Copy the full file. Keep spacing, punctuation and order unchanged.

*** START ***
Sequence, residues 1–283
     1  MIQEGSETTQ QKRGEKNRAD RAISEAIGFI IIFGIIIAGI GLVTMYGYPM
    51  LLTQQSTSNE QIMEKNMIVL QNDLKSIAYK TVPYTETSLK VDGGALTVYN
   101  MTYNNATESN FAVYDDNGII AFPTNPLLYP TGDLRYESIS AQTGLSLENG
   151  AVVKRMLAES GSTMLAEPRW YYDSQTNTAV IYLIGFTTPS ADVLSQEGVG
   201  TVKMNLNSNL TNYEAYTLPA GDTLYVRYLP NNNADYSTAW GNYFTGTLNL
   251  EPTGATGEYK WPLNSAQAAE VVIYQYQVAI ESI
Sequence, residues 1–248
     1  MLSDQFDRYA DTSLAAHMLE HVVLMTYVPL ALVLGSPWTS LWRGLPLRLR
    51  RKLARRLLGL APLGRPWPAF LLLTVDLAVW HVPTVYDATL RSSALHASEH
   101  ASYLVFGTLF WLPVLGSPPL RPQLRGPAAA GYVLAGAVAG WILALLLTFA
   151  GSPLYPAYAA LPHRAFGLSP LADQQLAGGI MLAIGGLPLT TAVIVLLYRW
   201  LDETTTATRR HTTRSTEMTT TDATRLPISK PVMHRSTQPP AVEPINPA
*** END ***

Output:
Sequence, residues 1–283
     1  MIQEGSETTQ QKRGEKNRAD RAISEAIGFI IIFGIIIAGI GLVTMYGYPM
    51  LLTQQSTSNE QIMEKNMIVL QNDLKSIAYK TVPYTETSLK VDGGALTVYN
   101  MTYNNATESN FAVYDDNGII AFPTNPLLYP TGDLRYESIS AQTGLSLENG
   151  AVVKRMLAES GSTMLAEPRW YYDSQTNTAV IYLIGFTTPS ADVLSQEGVG
   201  TVKMNLNSNL TNYEAYTLPA GDTLYVRYLP NNNADYSTAW GNYFTGTLNL
   251  EPTGATGEYK WPLNSAQAAE VVIYQYQVAI ESI
Sequence, residues 1–248
     1  MLSDQFDRYA DTSLAAHMLE HVVLMTYVPL ALVLGSPWTS LWRGLPLRLR
    51  RKLARRLLGL APLGRPWPAF LLLTVDLAVW HVPTVYDATL RSSALHASEH
   101  ASYLVFGTLF WLPVLGSPPL RPQLRGPAAA GYVLAGAVAG WILALLLTFA
   151  GSPLYPAYAA LPHRAFGLSP LADQQLAGGI MLAIGGLPLT TAVIVLLYRW
   201  LDETTTATRR HTTRSTEMTT TDATRLPISK PVMHRSTQPP AVEPINPA